I finally figured out how to move your comments from the spam folder to the blog. Thanks for the link. I’m going to check it out. I have stove top pressure cooker on my future purchases wish list. Thanks for the link. Yes, it is interesting there are so many of us world wide fighting against the austerity crush. I fear it will get much worse over the next few years.

  9. Jill
    June 15, 2017

    This looks interesting for road trips and camping.
    I have come to prefer my stove top pressure cooker for very fast low energy use cooking, especially in the hot humid summer months.
    I even make risotto and polenta with it. My sister has a new whiz bang electric one that she prefers.

    Have you seen this website?

    Elaine is a very frugal mother of two living in Scotland and has designed this sewn cooking bag. There are downloaded-able instructions for 3pounds UK..about $4.50 US… This might be useful to you for the smaller portion size cookers that you are considering purchasing.
    You might enjoy her blog..she lives on a teeny budget and is very high energy and innovative. Its interesting to get frugality and survival living ideas from various perspectives. It seems that country and world wide there are many of us who are fighting back and refusing to be ‘austeritied’ into submission.

    • Anita
      June 17, 2017

      I passed the link to someone I know that’s in a very similar situation here. I thought reading about someone else might give her hope. I like her blog and plan to visit more. Thanks for letting me know.

  10. ruralreality
    June 15, 2017

    I did not know about this product, looks very interesting! It gets so hot cooking during the summer in KY (the humidity is something that few can relate to!) that I sometimes set my crockpot outside to cook but this looks even better…can’t wait to see how you like it!

    • Anita
      June 16, 2017

      So true. The humidity here is rough. Can’t cool off by sweating if the air has more moisture than the body. I don’t believe I’ll use it anymore often than I would a crock pot but the amount of energy saved will keep my bill lower.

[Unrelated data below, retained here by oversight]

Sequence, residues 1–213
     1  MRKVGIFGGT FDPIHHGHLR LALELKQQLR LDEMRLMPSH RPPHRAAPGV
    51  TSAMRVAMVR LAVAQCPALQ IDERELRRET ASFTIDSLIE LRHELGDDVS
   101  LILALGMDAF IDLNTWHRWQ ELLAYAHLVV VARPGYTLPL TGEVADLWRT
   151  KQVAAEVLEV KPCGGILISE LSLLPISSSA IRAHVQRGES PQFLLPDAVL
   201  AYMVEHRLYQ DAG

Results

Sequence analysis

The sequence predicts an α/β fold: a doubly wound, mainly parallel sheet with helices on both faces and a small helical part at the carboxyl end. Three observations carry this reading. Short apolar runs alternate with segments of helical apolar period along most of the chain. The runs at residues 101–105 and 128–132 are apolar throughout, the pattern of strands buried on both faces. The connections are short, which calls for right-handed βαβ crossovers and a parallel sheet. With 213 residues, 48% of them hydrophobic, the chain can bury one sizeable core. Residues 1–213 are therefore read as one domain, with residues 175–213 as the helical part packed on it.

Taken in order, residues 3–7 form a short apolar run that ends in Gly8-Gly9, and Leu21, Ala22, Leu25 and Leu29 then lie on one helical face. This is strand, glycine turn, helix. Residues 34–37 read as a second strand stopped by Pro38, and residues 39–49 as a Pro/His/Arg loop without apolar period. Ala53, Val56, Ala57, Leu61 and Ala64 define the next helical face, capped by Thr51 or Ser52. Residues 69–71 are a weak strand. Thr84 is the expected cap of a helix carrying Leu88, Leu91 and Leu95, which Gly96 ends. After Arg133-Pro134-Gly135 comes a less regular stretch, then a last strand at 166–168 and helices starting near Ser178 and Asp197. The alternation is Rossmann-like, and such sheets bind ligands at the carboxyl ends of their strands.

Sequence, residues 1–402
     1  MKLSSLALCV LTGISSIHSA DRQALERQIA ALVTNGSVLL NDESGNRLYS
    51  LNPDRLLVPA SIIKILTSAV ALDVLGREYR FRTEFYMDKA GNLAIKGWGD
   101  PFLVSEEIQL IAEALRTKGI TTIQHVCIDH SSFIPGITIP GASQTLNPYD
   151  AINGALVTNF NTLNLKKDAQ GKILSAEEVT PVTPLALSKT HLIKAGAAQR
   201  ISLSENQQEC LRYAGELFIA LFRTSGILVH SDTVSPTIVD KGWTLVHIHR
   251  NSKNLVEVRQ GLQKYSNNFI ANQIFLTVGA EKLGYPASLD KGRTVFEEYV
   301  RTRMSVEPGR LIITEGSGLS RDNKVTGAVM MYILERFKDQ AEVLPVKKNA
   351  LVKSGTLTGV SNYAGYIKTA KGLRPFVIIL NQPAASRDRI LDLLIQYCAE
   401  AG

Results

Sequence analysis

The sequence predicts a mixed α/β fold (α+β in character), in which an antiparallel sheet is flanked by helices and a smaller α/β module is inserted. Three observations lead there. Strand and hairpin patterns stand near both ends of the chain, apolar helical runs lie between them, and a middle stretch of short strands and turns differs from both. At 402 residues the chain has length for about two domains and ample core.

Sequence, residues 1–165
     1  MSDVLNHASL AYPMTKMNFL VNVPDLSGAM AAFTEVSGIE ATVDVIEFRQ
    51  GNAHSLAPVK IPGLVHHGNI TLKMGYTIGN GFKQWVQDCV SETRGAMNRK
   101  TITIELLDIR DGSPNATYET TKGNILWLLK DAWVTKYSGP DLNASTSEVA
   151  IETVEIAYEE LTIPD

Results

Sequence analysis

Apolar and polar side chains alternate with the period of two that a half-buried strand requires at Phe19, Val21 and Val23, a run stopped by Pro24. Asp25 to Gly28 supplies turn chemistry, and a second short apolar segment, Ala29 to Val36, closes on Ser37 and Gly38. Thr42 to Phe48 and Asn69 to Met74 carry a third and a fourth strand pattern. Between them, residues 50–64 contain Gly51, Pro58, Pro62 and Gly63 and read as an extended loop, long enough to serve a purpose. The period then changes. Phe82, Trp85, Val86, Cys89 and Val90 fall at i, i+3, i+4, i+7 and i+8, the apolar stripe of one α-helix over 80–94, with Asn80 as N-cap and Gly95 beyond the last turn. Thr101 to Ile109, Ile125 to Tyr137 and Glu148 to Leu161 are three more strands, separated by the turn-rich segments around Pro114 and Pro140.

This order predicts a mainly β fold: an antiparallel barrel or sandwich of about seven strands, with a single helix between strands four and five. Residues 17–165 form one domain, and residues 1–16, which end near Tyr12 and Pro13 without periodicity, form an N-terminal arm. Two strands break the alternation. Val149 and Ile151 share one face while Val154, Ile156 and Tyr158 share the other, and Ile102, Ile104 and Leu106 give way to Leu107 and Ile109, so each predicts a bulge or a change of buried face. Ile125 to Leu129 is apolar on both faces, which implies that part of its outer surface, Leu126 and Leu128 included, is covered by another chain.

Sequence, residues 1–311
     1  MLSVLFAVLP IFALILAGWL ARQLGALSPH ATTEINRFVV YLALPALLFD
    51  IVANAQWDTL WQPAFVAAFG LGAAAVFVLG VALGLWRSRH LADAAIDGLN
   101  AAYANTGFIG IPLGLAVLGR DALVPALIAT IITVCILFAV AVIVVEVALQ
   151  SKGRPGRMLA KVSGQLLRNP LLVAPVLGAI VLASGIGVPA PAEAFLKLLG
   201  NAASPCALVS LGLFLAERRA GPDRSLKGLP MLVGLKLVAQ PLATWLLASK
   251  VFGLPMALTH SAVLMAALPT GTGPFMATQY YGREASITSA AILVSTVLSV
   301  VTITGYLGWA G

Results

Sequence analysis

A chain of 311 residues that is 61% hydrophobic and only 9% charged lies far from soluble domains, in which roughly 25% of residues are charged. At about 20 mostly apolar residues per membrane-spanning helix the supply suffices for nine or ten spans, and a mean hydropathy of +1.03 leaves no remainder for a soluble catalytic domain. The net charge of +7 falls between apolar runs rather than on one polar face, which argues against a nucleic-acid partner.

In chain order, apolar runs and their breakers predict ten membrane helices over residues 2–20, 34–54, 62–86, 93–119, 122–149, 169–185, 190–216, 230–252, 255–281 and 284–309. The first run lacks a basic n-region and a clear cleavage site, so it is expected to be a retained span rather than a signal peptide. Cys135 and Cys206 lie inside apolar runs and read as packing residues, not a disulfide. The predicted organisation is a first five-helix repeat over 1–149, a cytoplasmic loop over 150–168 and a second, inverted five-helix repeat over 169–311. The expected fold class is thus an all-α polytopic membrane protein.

11. craftytadpole
    June 15, 2017

    What a neat idea. I look forwards to seeing how this works out for you.

  12. Linda S
    June 14, 2017

    I have a good-sized styrofoam cooler I bought for $0.99. I lined the bottom with rice & the sides with pieces of foam wrapped in foil. I place the boiling pot in the middle then place wadded up newspaper around it & replace the lid. In summer I set it outside & in winter put in near a heat source. Cooks great!

    • Anita
      June 16, 2017

      Neat idea. I guess I should have done more research or asked my readers if anyone had made one. Do you have a recipe book or just cook soups and stews?

  13. captnmike
    June 14, 2017

    Interesting, never used one nor do I remember my Grandmother using one, she did use a Dutch Oven from time to time however. Also looks like these would be great for taking hot food to a potluck or picnic.

    Also seems to me that the crock-pot folks are missing a good new product, A crock-pot with lots of insulation around it so the power required would be less and heat your home less in the summer time. With the low cost of electronic controls the efficiency could be quite high.

    I have a couple of crock-pots that I used to use on a regular basis, not so much anymore. But good luck with your new adventure!!!

    • Anita
      June 16, 2017

      I agree, the crock pot folks are missing out on a good idea. Thermal cooking is more energy efficient than crock pots because they don’t require an energy source after the food is enclosed. Knowing how a thermal cooker works and how to make one is good information to have in an emergency preparedness kit too.

  14. Sandy
    June 14, 2017

    I have a homemade one made with layers of batting and cloth. It works well if you use a heavy pot.

    • Anita
      June 16, 2017

      Gosh Sandy I never thought about using batting. My mind wasn’t thinking frugal enough. I give away bunches of batting scraps all the time.